Intently studying the new Christmas tree that her mother and father had just erected in their foyer, little Christina slowly walked up to it and was immediately taken with the wonderful aroma of pine cones and winter frost that still lingered on its branches.

“Mommy, why do people have Christmas trees,” Christina asked? “Oh, I suppose that the Christmas tree means different things to different people, honey,” the mother cheerfully replied, as she worked the string of Christmas lights through the branches of the tree. “But mommy, what does it mean for us – for you and me and for daddy?” The child-like innocence of Christina’s question made her mother hesitate and stop what she was doing. She turned around and sat down on the floor, crossed her legs and gently lifted little Christina into her lap.

“Christina, honey, I don’t know what the Christmas tree means to other people, but I can tell you about all the wonderful things I think about when I see one.” Let me tell you a little story. And starting with the birth of Jesus, she told Christina all the wonderful news about his birth, his life, his death, and his resurrection, and what it all meant. And then to put it into a child’s perspective the mother smiled and said, “You see, long ago on a mountain top, far, far away, there were three other little trees. And as they started to sprout their branches and reach for the sky, they each dreamed about what they wanted to become when they grew up.

The first tree looked up to the stars and said, ‘I want to be a treasure chest. I want to be covered with gold and filled with precious stones. I want to be the most beautiful treasure chest the world has ever seen.’

The second little tree looked out at the small stream trickling by on its way to the ocean and said, ‘I like the water. I want to be a mighty sailing ship carrying kings on their journeys across the seas. Why, I’ll be the strongest ship in the whole world!’

The third little tree looked down into the valley below and saw the hustle and bustle in the streets and the hectic pace of the people in the village and said, ‘I don’t want to leave the mountain top. I really like it here. I want to grow up and be so tall that when people look at me, they’ll raise their eyes and look up to heaven and think of God. Why, I’ll be the tallest tree in the whole world!’

Years passed. The rains came and the winds blew, the sun shone bright, and the little trees grew tall and strong. And then one day three woodcutters climbed up the mountain .

The first woodcutter looked at the first tree and said, ‘This tree is beautiful. I have something special I want to make from it, and it’ll be perfect for me.’ And with one mighty swoop of his woodcutter’s axe, the first tree fell.

‘Now, the time has come for my dream to come true,’ the first tree thought. ‘Now I shall be made into a beautiful chest, and surely I shall hold wonderful treasures!’

The second woodcutter looked at the second tree and said, ‘This tree is strong. It will be perfect for me.’ And with a swing of his powerful axe, the second tree fell to earth.

‘Now my dreams also will come true,’ thought the second tree. ‘I will be hewn into a mighty ship to sail the seas, and great kings will ride my bow!’

But then the third tree felt her heart sink when the third woodcutter looked her way. She stood straight and tall and pointed bravely to the heavens. ‘Remember, I want to stay on the mountain top, she cried.’

But the woodcutter never looked up. ‘Any tree will do for me,’ he muttered. And with a powerful swing of his shining axe, the third tree thundered to the earth.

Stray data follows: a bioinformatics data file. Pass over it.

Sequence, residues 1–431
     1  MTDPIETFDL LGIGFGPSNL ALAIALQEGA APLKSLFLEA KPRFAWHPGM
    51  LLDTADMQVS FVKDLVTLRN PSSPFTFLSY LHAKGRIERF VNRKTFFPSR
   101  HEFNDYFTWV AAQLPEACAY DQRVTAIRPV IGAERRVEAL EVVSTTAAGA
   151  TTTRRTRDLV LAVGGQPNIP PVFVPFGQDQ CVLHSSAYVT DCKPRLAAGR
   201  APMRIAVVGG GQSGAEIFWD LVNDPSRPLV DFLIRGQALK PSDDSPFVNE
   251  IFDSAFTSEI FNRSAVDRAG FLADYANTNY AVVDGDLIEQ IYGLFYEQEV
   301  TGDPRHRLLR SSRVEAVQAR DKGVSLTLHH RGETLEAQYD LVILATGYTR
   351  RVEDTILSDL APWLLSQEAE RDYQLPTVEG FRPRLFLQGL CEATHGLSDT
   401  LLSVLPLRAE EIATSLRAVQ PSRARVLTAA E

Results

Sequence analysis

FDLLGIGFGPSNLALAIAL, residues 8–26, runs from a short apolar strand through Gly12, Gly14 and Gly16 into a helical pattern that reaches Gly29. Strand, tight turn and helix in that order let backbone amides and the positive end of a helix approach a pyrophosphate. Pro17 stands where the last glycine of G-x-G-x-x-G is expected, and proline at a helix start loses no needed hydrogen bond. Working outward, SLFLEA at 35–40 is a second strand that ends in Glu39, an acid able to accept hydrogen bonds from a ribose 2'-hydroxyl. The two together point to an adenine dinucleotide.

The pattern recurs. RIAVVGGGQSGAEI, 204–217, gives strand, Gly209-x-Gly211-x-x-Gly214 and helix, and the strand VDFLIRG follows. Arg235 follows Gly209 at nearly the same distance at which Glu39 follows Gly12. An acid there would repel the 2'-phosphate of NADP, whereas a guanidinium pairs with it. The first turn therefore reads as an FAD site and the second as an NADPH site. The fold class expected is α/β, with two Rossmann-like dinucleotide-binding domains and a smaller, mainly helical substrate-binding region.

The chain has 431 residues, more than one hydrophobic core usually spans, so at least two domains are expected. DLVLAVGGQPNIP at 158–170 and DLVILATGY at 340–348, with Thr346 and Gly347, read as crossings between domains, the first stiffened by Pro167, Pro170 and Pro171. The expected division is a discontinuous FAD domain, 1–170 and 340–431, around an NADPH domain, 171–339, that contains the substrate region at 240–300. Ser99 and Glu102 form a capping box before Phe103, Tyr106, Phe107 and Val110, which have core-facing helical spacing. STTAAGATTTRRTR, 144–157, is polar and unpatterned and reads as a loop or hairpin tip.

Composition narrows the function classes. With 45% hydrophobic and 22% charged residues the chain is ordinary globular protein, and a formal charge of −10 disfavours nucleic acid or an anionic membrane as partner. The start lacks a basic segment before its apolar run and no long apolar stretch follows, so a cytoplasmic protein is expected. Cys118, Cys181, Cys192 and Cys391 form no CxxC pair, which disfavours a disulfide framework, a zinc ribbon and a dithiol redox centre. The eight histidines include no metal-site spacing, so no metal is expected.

The first tree continued to rejoice when the woodcutter brought him into the carpenter’s shop. But his joy was turned to sorrow when the carpenter fashioned him into a simple feed trough for animals. Instead of being covered with precious gold and jewels, he was now covered with sawdust and filled with hay for hungry farm animals to eat.

The second tree smiled when the woodcutter took her into the shipyard. ‘Now, my dreams will also come true!’ she thought.

But no mighty sailing ship was christened that day. Instead the once mighty oak was whittled, hammered, and sawn into a simple fishing boat. She was too small and frail to sail the mighty oceans, or navigate the raging rivers. Instead, crestfallen, she was taken to an inland sea, and there she would spend her days.

The third tree was confused when the woodcutter cut into her strong and weathered timbers, and left her in a cluttered woodpile in the lumberyard. ‘What happened?’ asked the tree that once pointed to the heavens. ‘All I ever wanted was to grace the top of the mountain and point to God.’

Again, the years passed by. The dreams the little trees once had were nearly forgotten. But then, something wonderful happened. In the distance, the angels were heard singing to the shepherds. A bright and shining star began its transit across the heavens, and came to its place of rest above the hewn out timbers of the first tree, where a beautiful young mother placed her newborn son into the feedbox.

‘I wish I had time to make a cradle for him,’ the father whispered. The mother gently squeezed his hand and smiled as the starlight glistened off the smooth and sturdy wood.

‘Why this manger is beautiful,’ she said. ‘There is no need for another.’

And suddenly, the first tree knew that God had honored his dream, and that he was now holding the greatest and most precious treasure in the whole world.

‘God sure works in mysterious ways,’ he thought, ‘but this is better than anything I could have ever imagined.’

Some years later, a kindly stranger and his friends crowded into an old fishing boat. The weary traveler fell asleep as the second tree quietly sailed out upon the moonlit sea. But soon, a terrible storm arose. The rains came, the winds grew fierce, and time after time the waves crashed into the little boat, sending it reeling from side to side. The little tree shuddered and grew afraid. She knew she did not have the strength to carry so many passengers through such a raging storm. Then, the kind but tired traveler awoke. He took hold of the mastline and stood up on the bow of the little vessel, stretched out his hand, and said, ‘Peace, be still.’ The storm stopped as quickly as it had begun. And suddenly, the second tree knew that she was carrying the greatest King who had ever lived, and that in some mysterious way, God had also made her dreams come true.